Bitcoin is digital ‘crypto-currency’ that allows users to transfer money from one wallet to another with little no transaction fee. It is essentially an open source currency that is available to anyone and can be transferred to anyone. Bitcoin is secure and anonymous, transactions are public but parties involved in the transaction are not identified. For this reason, bitcoin has been the subject of much controversy and has led to the open purchase of drugs and weapons online with absolutely no regulation.
How does bitcoin affect how we do business?
Currently the answer is that it doesn’t. Not enough people have adopted this new ‘currency’ for it to reach a point where people need to use it. Some of the benefits of using bitcoin to purchase and sell goods or services are:
1. Transactions are either low cost or completely free.
2. Transactions are completely anonymous.
3. The supply of bitcoin is fixed and predictable.
There are a few main benefits to using bitcoin; however the anonymity has tarnished bitcoin’s legitimacy as it is now almost entirely associated with drugs and firearms. So do the negatives outweigh the positives for businesses looking to adopt bitcoin?
Well besides from the terrible reputation there are a few things that could go wrong:
1. Governments put a ban on bitcoin due to black market issues.
2. Bitcoin is highly volatile and will almost always be highly volatile until it is backed by something of inherent value (possibly gold).
3. While bitcoin is incredibly secure from an encryption point of view, your wallet is stored on your harddrive and can therefore be completely erased. You can also have all of your BTC (bitcoin) stolen if someone is able to login to your account.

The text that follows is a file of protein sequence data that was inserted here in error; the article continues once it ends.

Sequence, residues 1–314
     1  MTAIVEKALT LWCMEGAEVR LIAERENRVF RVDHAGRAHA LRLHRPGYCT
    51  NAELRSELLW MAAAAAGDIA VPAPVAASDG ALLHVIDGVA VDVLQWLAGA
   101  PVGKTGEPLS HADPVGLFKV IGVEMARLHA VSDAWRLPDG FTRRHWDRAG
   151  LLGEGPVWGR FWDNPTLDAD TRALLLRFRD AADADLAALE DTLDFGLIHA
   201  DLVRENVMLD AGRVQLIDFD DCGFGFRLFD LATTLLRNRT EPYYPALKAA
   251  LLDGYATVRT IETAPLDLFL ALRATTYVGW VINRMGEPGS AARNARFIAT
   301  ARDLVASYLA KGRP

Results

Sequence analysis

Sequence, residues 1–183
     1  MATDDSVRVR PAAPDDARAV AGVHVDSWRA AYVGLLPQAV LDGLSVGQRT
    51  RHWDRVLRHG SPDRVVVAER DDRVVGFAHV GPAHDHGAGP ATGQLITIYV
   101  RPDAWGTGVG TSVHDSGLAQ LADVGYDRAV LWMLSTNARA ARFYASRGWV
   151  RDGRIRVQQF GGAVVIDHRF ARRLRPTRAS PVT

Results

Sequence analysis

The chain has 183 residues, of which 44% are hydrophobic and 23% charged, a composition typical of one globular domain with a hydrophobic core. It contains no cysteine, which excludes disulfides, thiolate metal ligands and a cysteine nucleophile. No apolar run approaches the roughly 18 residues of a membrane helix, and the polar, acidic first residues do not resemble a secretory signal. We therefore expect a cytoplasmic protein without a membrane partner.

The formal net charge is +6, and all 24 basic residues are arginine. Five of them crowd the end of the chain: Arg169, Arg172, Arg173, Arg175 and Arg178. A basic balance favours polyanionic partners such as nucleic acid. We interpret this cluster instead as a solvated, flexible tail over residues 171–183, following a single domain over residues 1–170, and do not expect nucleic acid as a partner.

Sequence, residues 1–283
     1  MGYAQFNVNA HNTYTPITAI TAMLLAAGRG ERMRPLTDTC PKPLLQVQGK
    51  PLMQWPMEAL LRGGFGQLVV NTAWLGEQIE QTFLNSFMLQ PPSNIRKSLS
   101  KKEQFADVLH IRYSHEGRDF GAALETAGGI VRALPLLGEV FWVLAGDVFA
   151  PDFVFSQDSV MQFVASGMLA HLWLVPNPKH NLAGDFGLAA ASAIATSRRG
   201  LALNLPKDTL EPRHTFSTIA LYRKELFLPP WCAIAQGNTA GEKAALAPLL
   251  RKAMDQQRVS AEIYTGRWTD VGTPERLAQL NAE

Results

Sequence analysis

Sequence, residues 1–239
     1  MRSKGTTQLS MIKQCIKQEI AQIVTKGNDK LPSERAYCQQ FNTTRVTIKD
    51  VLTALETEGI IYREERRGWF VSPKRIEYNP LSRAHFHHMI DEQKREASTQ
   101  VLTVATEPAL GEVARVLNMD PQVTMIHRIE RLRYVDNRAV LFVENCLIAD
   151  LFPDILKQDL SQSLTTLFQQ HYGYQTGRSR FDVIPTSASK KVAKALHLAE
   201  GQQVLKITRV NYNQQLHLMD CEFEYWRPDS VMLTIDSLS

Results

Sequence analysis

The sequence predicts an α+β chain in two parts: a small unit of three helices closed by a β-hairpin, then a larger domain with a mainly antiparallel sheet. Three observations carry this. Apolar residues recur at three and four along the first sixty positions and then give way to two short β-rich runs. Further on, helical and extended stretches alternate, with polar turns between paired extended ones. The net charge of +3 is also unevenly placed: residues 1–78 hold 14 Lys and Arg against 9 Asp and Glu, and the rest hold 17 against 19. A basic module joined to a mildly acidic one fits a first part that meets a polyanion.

At this moment in time it is implausible for a business to take on such a risk. However in some instances bitcoin opens access to markets that were otherwise blocked. Bitcoinpoker.org has listed various bitcoin poker sites that have popped up over the last year or so; and this particular bitcoin market has seen a surge of growth in the US as the currency provides a convenient a ‘loophole’ to gambling online. Of course the legality of such a loophole is not entirely clear, but it pales in comparison to some of the more immoral uses of bitcoin (anonymously purchasing guns/drugs and money laundering!). But bitcoin poker in particular has sparked a lot of debate, with conversations appearing on many message boards along the lines of “what poker sites accept US players?”
While bitcoin is certainly an interesting development and is clearly showing moderate success, it is still too hard to say whether it will gain credibility and become popular enough to change the way we do business.